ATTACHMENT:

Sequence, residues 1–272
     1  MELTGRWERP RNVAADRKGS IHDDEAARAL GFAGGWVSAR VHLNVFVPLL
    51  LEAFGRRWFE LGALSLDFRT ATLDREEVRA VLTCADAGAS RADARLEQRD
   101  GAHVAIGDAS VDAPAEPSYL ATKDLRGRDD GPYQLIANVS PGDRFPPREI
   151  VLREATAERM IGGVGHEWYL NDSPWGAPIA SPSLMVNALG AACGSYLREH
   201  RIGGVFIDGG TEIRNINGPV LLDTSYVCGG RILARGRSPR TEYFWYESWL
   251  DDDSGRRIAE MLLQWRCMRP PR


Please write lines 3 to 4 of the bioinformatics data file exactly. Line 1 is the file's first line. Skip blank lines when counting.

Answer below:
    51  LEAFGRRWFE LGALSLDFRT ATLDREEVRA VLTCADAGAS RADARLEQRD
   101  GAHVAIGDAS VDAPAEPSYL ATKDLRGRDD GPYQLIANVS PGDRFPPREI